1.2 Configuring Apache Web Server to use Shibboleth

Configuring Apache http-server 2.x

If Shibboleth is installed with yum or apt-get, the Apache module mod_shib will be installed and activated. What you need to do next is to determine how the actual service should be protected:

  1. If the entire site should be protected by shibboleth, or
  2. is there only a part (path) of the site that need to be protected by shibboleth, while the rest should be accessible without IdP login. In the example below we are protecting the relative path /myprotectedSP:

In your <VirtualHost> you add a <Location> tag for what you want to protect (found in /etc/httpd/conf.d/shib.conf):

 

<Location /myprotectedSP>
  AuthType shibboleth
  ShibRequestSetting requireSession 1
  Require valid-user
</Location>

If the entire site should be protected, you write <Location /> instead of "<Location /myprotectedSP>"

Handling logins by the Service/Application protected by Shibboleth

The login information from the Identity Provider (user name and other attributes that comes with the assertion) are set as HTTP environment variables by the Apache module. If the Service/Application only wants to know that the user successfully logged in, nothing special has to be done. Shibboleth and mod_shib takes care of that before handling the user over to the Service/Application. If the Service/Application needs to have the attributes sent by the Identity Provider, it needs to be able to read the HTTP environment variables produced by mod_shib.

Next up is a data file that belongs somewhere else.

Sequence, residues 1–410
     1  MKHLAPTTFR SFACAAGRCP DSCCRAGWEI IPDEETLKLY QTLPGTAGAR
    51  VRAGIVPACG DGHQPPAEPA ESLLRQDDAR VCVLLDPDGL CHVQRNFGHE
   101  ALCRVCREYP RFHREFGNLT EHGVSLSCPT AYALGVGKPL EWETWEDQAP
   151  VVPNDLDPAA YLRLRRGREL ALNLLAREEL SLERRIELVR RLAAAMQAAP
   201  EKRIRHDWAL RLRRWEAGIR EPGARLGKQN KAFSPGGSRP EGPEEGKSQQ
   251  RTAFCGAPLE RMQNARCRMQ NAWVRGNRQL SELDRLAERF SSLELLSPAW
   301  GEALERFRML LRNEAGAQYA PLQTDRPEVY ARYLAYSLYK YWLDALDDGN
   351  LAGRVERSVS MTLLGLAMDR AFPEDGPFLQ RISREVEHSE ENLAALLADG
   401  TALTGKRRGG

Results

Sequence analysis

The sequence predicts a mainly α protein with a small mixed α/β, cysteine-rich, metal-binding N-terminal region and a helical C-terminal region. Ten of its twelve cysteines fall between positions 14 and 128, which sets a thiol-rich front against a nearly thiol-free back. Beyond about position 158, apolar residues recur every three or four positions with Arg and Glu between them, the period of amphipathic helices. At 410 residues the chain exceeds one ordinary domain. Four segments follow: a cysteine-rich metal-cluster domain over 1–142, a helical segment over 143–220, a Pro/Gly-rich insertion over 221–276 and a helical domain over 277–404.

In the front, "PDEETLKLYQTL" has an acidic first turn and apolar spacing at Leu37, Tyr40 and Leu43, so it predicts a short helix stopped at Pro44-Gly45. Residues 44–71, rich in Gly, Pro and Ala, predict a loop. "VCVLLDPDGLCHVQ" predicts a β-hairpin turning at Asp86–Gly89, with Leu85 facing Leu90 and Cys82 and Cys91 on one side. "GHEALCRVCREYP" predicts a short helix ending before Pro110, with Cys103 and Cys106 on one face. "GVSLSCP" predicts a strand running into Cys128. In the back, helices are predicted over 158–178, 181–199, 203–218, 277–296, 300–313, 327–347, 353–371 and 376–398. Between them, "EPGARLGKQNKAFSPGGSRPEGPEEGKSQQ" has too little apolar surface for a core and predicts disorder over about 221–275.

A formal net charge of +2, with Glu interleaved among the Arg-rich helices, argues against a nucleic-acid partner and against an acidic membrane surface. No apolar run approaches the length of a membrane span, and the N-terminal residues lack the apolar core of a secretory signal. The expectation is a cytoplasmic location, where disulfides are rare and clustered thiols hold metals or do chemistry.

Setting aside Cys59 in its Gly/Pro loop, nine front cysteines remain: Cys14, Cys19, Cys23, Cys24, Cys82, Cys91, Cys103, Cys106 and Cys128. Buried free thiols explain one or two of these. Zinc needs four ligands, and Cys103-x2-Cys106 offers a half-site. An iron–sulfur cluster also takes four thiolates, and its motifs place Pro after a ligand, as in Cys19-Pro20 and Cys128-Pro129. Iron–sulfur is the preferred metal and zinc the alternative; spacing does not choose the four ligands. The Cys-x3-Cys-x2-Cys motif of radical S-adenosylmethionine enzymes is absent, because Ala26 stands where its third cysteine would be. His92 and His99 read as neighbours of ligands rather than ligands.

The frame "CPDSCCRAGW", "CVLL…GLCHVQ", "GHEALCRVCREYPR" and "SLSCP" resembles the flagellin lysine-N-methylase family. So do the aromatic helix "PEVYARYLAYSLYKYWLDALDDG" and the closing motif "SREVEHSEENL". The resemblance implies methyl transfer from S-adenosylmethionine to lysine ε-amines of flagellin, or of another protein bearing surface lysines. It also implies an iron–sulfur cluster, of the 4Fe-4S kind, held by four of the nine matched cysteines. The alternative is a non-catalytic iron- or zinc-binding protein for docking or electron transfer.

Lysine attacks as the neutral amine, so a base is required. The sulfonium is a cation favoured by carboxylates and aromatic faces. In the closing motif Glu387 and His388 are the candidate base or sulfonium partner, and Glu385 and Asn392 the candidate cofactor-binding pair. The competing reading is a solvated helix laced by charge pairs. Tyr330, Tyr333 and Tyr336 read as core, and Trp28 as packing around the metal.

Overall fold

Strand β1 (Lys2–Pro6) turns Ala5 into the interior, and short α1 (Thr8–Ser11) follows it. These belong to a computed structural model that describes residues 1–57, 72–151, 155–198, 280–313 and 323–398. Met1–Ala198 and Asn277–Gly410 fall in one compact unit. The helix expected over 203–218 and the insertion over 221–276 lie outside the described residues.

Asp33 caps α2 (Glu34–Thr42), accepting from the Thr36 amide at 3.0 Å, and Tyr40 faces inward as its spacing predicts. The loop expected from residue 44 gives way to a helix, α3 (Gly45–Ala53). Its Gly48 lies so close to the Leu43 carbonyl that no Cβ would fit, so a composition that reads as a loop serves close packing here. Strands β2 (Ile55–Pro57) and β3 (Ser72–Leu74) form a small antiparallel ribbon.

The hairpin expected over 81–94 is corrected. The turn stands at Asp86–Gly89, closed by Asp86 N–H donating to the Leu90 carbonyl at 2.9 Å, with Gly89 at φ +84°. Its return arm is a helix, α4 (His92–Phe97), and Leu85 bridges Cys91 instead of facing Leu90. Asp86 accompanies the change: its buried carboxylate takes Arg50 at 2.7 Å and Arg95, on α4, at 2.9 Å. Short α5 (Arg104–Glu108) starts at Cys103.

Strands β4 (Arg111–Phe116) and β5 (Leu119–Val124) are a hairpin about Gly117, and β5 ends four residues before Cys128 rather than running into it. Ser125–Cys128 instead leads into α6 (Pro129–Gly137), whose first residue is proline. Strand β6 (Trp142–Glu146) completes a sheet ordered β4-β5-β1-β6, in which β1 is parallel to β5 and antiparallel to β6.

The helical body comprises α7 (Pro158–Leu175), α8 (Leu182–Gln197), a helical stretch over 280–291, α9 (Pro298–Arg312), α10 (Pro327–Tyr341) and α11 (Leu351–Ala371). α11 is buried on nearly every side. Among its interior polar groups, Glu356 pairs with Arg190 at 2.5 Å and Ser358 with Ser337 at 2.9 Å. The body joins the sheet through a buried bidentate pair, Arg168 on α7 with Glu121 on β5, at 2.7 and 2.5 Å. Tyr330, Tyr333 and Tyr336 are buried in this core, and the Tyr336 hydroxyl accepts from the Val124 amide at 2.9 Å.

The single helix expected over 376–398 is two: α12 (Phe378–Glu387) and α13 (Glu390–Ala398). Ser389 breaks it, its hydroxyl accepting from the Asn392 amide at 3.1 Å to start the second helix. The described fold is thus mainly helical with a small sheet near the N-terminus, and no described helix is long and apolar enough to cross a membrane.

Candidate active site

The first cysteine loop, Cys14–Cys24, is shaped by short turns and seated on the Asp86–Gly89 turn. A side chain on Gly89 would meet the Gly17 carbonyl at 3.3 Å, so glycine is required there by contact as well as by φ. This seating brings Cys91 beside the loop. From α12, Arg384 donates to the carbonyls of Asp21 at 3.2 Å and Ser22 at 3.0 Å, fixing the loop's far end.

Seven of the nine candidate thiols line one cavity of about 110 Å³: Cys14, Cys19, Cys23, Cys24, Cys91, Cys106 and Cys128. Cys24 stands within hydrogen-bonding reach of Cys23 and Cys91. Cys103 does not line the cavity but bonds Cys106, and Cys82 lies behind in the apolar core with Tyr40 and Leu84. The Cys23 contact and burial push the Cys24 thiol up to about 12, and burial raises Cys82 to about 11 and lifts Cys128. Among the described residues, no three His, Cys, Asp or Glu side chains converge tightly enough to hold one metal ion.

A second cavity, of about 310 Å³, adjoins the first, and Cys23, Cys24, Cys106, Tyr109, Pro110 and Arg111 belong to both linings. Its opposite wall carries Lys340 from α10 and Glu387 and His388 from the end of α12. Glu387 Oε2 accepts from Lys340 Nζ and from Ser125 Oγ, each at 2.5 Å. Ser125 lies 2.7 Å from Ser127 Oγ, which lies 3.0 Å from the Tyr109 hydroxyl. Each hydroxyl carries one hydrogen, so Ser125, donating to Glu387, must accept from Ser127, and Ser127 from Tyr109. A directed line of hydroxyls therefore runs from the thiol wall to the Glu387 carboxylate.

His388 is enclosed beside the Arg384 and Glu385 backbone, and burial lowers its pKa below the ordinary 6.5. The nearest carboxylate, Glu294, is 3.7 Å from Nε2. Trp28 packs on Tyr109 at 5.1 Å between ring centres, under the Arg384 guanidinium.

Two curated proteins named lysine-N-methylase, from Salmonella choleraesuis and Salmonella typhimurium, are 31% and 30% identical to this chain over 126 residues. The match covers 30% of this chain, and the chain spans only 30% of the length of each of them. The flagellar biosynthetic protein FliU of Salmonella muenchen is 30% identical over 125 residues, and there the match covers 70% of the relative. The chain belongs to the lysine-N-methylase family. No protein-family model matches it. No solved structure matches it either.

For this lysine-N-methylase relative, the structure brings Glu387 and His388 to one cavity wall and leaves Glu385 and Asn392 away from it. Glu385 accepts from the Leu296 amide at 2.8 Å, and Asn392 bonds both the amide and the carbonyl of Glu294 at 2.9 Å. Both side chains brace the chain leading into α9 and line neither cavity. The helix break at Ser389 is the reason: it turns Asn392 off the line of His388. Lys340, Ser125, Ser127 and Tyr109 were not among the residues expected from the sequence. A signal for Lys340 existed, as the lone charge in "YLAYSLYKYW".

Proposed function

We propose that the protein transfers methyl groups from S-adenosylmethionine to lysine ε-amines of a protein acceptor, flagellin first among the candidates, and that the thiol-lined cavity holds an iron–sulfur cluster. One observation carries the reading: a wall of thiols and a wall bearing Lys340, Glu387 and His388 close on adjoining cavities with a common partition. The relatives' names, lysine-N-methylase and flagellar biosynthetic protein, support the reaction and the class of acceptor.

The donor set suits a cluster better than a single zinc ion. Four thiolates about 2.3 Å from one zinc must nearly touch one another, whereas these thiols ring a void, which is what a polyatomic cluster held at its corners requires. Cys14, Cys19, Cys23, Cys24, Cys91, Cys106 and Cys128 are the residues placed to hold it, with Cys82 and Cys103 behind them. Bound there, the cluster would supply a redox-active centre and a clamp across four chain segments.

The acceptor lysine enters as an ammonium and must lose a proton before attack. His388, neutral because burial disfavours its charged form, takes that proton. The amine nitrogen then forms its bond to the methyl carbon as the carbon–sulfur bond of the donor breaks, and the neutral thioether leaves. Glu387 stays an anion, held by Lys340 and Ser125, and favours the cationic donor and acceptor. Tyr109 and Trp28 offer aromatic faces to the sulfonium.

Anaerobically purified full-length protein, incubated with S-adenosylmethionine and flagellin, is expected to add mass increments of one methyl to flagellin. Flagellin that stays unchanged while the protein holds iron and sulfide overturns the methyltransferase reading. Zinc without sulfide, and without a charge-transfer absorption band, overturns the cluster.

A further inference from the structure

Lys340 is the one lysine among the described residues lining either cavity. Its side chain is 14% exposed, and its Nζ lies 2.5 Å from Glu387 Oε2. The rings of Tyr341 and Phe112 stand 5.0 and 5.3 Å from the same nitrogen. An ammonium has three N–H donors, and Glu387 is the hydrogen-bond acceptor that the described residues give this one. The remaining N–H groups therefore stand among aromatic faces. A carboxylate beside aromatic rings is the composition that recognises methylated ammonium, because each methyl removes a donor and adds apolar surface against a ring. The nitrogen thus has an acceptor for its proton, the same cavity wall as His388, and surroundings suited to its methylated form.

HTTP environment or HTTP headers

Some Services/Applications can't read HTTP environment variables out of the box, e.g. applications written in php. But those applications can read HTTP headers. You can tell Apache that it should deliver the  attributes as HTTP headers (it is done in the configuration file /etc/httpd/conf.d/shib.conf):

 

ShibUseHeaders On

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